Prosatio Silban and the First Principle

IN EVERY PROFESSIONAL’S LIFE, THERE comes a point where they must choose between correctness and accommodation.

Prosatio Silban heaved a deep sigh, one of many such that morning. The primary concern of every cook is to make the customers happy, he thought. But what if they’re, well … wrong?

His situation had begun the previous afternoon, when Carrora Dyzan dropped by the cook-errant’s galleywagon in the Itinerants’ Quarter of Pormaris’ South Market. “I would like to engage your services for a private dinner tomorrow, and I have something specific in mind,” she said, emerald eyes alight. “It’s my twenty-third birthday, after all, and I want the occasion to be special for my guests and me.”

“That is quite the milestone,” the beefy cook said with an obliging smile. “Now, then – with what may I please you?”

She tugged at a long crimson curl, then dimpled. “I have recently fallen in love, and I want the food to reflect that.”

“Wonderful! Who is the lucky man?”

“It is not a man.”

“Ah – a lucky woman, then?”


Prosatio Silban creased his brow. “You have me at a loss,” he said. “With whose charms have you become so enamored?”

Prosatio Silban creased his brow. “You have me at a loss,” he said. “With whose charms have you become so enamored?”

A fierce grin split her heart-shaped face. “Volcano peppers!”

“I beg your pardon?”

“I simply adore them! I never had them growing up, but now that I shall be an adult I wish to indulge my tastes to the full. I want you to cook for me your most luxurious dishes, and flavor them heavily with volcano peppers: the hotter and more colorful, the better. I will pay you whatever you ask, but when the meal is done, there should be no dry eye – or, if I may say, nose – in my entire dining-room. Besides – they’re so pretty!

“Of course,” the cook said. “But I must caution you: whatever I prepare won’t be tasteable through the severe heat of your new favorite flavor-agent. Could we perhaps serve the peppers on the side, and allow your guests to mix them in as they –”

Carrora Dyzan stamped her foot in mild petulance. “I already know what I want. I want volcano peppers, and I want you to cook them into your signature dishes. And that’s that.”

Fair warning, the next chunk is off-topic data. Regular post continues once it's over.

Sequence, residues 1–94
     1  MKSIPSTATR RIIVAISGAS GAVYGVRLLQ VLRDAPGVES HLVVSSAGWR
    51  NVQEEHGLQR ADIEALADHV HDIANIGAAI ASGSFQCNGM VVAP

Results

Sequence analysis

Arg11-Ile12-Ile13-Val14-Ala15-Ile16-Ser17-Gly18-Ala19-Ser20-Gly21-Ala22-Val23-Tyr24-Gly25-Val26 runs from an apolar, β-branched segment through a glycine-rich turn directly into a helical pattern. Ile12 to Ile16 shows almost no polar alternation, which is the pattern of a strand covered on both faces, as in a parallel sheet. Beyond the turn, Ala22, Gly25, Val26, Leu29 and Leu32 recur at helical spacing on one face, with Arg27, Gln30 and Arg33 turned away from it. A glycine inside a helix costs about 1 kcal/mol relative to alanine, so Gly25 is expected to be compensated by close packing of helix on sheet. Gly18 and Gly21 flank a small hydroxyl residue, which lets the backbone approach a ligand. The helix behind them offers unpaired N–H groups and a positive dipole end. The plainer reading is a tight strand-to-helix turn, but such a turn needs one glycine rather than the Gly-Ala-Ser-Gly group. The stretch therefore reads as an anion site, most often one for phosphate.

* * *

When in doubt, consult.

“It’s not as though she’s asking for blue rice and wheat-threads on the same plate, or fish with cheese,” said Pelvhi, polishing an ale-glass. “That would be wrong.”

“That’s true,” Prosatio Silban replied.

“But it’s also our job to instill respect for the cuisine,” countered Andwilla Thork, another colleague of long standing. “You would mark a bad precedent – and perhaps also damage your reputation.”

“That’s true too,” Prosatio Silban replied.

“Those are conflicting opinions!” said the person sitting on his other side, who until then had been making a show of ignoring the conversation. “They can’t both be true!”

“You know something?” Prosatio Silban replied. “That’s also true.”

The disputants were congregated at the long bar along one end of the dim and smoky great-room inside Pelvhi’s Chopping-House, that spacious but crowded late-night refuge for Pormaris’ hospitality workers. Their discussion had spilled over into the ears of nearby customers, tongues lubricated by a variety of intoxicants, and Prosatio Silban soon found himself with no end of advice.

“It’s like this,” said Delerio Phkal, a process-cook at the Wild Lion. “There is nothing wrong with crossing boundaries in the name of business. Take her coin and be done with it.”

“Aha!” said another cook, Willio Mzarin, of Debtor’s Trespass. “But how will you feel in the morning? What would you, then, rather have done?”

“The issue is integrity,” spoke up Dapid Tavoja, restaurateur of The Bear and Wolf.

“The issue is integrity,” spoke up Dapid Tavoja, restaurateur of The Bear and Wolf.

“No, it’s an issue of flexibility,” countered Mercesto Iaor, Star and Whistle’s famed headwaiter.

“But these are his most famous dishes we’re talking about,” said Andwilla Thork. “It would be different if the order were for, say, Leisurely Eggs, where such flexibility is both expected and condoned.”

“It doesn’t matter,” said Delerio Phkal. “The customer always comes first, whatever they want. That’s why it’s called ‘catering.’”

“Bah! He might as well roll over and expose his ample belly,” said one of Pelvhi’s passing bussers. “Where will it all end?”

“Exactly!” pronounced Dapid Tavoja. “How dare you even consider tampering with your tested recipes, and gainsaying your innate cook’s-sense? We are in the business of preserving culture!”

“We are in the business of creating pleasure,” said Mercesto Iaor. “How dare you consider gainsaying that?

Prosatio Silban drained his glass of white duliac, set it on the bar, lifted a mollifying hand, and rose from his stool.

“I thank you all very much for your thoughts and counsel,” he said. “It seems I have a difficult decision to make. May Ferranadri, Breaker of Culinary Propriety; Uliachil, Champion of Comestible Decorum; and Hopmon, God of Ceaseless Commerce; each and all help me to make the right one.”

* * *

Prosatio Silban finished rolling up his knives-bindle and sighed. There really is no substitute for a happy customer, he thought. Whatever the cost.

He stepped to the kitchen door, where Carrora Dyzan was waiting with a heavy coin pouch. “This is for you,” she said with a grateful smile. “My guests were beyond pleased, and so am I. Thank you for so ably respecting my wishes.”

The pouch jingled as it changed hands. “My pleasure,” replied the cook, and bowed. “Thank you for respecting mine.”

(If you’re new to these tales, here are the preface and introduction. And if you want another 85 stories in one easy-to-read package, here’s the e-book!)

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